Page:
BluesFest 2011: Day 2 – Friday 22.04.2011

Until the evening before, I’d never heard of Fistful of Mercy. I can’t even remember taking it in when looking at the timetable and planning my long weekend down the coast. Either way it’s a terrible name. They were described to me as “Ben Harper, George Harrison’s son and some other guy”; it’s a fairly accurate description, although “the other guy” is singer/songwriter Joseph Arthur and George Harrison’s son is called Dhani. As I’d missed Ben Harper the previous night, or more rather declined the opportunity of having one song to photograph and the risk of missing ZZ Top, who I wanted to photograph, I decided to head in earlier than originally planned and get a few photos.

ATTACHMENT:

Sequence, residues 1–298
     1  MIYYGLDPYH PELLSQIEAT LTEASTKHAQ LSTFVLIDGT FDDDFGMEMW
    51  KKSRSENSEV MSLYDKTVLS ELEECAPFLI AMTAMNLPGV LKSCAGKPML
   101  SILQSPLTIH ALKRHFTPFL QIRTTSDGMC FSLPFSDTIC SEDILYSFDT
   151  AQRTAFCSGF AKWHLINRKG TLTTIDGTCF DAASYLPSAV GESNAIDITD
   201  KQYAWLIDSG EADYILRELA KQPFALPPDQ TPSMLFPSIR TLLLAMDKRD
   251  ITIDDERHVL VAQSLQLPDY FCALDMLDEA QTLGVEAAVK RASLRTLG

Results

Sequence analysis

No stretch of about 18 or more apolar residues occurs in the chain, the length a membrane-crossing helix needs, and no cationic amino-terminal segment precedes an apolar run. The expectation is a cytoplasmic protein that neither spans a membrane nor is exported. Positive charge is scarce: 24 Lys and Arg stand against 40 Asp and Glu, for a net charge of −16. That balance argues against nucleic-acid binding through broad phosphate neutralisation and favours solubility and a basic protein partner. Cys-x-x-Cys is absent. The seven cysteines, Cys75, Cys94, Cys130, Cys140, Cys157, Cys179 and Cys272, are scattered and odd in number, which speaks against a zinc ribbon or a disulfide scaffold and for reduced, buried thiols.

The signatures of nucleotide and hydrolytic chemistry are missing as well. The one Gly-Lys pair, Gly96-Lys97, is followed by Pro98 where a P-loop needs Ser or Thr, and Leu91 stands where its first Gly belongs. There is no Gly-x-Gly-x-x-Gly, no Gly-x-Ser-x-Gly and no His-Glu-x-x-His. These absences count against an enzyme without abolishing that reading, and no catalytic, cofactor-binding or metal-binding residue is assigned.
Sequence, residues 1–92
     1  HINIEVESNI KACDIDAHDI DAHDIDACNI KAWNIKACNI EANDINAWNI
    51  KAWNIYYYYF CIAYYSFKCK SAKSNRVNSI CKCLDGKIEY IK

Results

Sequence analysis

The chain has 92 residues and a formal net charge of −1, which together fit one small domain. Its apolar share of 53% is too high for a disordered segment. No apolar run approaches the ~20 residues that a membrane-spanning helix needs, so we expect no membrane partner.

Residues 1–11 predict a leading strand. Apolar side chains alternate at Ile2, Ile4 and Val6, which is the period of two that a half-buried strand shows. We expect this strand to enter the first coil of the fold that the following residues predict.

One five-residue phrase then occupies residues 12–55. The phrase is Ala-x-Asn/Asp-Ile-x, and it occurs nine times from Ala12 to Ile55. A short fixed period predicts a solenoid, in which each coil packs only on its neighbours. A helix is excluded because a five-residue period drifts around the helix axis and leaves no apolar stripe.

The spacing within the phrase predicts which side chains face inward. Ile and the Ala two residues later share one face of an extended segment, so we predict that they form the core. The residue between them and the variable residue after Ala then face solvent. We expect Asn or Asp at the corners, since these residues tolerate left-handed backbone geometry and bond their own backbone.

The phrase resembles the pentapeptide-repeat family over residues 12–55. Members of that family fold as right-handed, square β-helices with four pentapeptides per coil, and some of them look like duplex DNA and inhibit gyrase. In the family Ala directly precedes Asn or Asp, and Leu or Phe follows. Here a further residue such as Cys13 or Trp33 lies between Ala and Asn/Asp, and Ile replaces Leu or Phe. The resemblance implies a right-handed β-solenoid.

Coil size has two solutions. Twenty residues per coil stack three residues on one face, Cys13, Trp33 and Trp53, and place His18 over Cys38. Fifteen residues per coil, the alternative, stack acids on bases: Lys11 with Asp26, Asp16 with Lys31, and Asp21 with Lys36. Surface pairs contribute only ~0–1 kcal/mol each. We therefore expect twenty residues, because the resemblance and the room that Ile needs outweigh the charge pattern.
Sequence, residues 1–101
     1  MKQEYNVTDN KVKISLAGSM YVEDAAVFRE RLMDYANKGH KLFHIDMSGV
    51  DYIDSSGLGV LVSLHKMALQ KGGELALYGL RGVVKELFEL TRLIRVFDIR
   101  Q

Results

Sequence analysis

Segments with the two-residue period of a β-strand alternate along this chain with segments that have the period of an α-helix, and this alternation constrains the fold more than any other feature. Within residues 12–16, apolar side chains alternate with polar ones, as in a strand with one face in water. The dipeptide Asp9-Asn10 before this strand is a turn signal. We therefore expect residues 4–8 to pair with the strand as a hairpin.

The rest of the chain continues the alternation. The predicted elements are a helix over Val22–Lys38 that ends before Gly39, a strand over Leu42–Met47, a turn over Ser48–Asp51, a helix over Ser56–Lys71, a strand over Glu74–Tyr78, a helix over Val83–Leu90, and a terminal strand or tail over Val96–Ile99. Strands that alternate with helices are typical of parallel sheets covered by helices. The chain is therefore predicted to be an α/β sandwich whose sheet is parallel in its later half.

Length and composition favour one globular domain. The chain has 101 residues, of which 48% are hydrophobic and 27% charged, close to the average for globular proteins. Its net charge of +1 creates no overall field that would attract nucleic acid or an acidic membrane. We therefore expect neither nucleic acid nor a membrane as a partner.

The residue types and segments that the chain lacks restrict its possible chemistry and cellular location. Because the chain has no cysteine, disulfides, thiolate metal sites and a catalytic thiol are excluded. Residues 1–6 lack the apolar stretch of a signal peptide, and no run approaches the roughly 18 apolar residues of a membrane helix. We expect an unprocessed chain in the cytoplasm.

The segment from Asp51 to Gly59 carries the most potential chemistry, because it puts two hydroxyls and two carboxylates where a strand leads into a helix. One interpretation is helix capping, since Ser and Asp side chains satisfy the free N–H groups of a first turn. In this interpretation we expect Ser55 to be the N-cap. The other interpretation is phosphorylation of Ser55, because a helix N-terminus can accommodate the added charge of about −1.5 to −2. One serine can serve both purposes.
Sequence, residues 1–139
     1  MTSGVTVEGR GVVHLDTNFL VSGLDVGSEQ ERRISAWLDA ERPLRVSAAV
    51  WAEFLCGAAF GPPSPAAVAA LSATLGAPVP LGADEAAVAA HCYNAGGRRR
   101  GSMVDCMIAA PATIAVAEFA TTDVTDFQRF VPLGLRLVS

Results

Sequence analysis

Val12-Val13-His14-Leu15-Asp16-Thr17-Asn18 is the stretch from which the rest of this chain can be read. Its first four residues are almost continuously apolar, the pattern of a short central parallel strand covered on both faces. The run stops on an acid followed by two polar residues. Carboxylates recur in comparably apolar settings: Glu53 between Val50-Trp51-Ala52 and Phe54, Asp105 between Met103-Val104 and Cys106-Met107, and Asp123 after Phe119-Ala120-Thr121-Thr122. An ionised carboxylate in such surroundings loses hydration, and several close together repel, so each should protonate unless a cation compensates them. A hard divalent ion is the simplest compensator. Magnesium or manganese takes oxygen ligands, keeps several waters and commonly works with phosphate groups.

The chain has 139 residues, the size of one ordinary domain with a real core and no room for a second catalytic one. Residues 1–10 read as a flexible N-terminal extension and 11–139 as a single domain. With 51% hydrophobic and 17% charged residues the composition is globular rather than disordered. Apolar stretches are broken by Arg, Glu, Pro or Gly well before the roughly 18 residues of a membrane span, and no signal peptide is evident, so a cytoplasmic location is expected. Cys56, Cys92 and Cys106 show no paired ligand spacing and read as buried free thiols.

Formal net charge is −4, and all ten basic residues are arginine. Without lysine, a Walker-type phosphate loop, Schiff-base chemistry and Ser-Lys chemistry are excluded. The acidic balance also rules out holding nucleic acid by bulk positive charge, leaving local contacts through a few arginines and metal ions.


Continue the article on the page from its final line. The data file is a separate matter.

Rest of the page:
However, the same problems as the first night manifested themselves backstage in the Media Tent, with so many photographers with pit passes who wanted to photograph Fistful of Mercy that once again the group was divided into three; each group allocated one song each. Recalling last year, I thought that this had only happened once, during John Butler’s set on the Friday night.  I’m not 100% sure of this, however, as my posts from last year say that the photographers were split into two groups for one of the acts and that it wasn’t even a headline act.  It might have been Angus and Julia Stone.  It definitely wasn’t the festival’s main headliner, Crowded House though; I counted 46 photographers in the pit and commented that it took three songs to get from one side of the stage to the other.  A mere 46 photographers; that would have been great this year.  The rumours backstage were that the festival had accredited an absolutely ridiculous 120 photographers this year, and judging by the numbers about half of those had been given pit passes. I wouldn’t have even thought that there would have been 60 publications wanting/expecting to get photographer accreditation, let alone 120. Somewhat stupidly, as well as the festival having five photographers, most of whom seem to be photographing the same acts, they’ve also given some publications multiple photo passes, meaning that there’s a lot of doubling up in the pit.